After you’ve chosen whether or not to shoot for a full length record or an EP, you’ll most likely find yourself with itchy feet, eager to jump into a studio and wing it, working off the purity of artistic excitement. But guess what? DON’T. Essentially, this is only asking someone to rob you of time, money and happiness, which is something we can all agree we’ve no need to ask for. Instead, take your official set of songs, sit down at your iTunes window and dig up your favorite records – records that make you think "Huh… my musical vibe could totally be an offspring of this." You’ll want to get a group of song samples that exemplify what kind of production quality, sound and instrumentation you’re interested in creating in studio. This way, you have a reference chart for everyone you’ll be working with.

Finding Who To Work With 

In the process of making your own record (i.e. being at the mercy of independently-sized funds and at the disadvantage of not being attached to some monstrously popular record label), finding fellow musicians and/or someone to produce your overall sound is possibly the most challenging and, of course, important step. Unfortunately, there’s no official way to find fellow music-makers who won’t insist on heavy duty payment. If you yourself play a plethora of instruments, this is less of a problem. If however, as in my case, you find yourself easily writing material but without a way to get it on its feet, you’ll need to put these demo tunes of yours on a simple garageband track or tape-recorder and begin sending around the small lot you’ve got. This means, posting on craigslist for local musicians, going to live shows and approaching strangers, asking around through friends. Don’t be discouraged! Connections beget connections and more will come. It’s simply essential that you have something of your voice, lyrics and songs recorded to give to these potential partners and, ideally, they will too.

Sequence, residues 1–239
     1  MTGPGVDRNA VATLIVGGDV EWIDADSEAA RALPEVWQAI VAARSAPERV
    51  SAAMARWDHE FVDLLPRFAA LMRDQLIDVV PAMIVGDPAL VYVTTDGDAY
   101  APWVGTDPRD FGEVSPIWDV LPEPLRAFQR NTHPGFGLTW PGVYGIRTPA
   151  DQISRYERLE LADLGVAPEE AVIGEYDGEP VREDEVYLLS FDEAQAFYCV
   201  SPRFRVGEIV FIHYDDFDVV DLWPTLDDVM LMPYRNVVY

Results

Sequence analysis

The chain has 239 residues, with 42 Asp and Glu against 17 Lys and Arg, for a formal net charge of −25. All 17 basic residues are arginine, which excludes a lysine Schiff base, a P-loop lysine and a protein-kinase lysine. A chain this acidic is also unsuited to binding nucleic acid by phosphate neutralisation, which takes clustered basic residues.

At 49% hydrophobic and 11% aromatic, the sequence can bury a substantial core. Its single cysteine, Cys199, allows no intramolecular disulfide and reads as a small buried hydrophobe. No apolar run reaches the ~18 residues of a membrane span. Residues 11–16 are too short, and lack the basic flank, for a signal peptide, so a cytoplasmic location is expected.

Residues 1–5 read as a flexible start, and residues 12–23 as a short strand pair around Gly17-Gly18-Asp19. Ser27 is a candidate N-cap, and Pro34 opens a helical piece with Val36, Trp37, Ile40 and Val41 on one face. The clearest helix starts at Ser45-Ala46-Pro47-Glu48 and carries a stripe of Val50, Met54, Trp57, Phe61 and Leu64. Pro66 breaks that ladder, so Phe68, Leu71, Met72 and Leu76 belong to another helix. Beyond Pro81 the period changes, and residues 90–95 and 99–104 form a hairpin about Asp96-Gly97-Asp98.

Rallying the Troops (i.e. Dollars)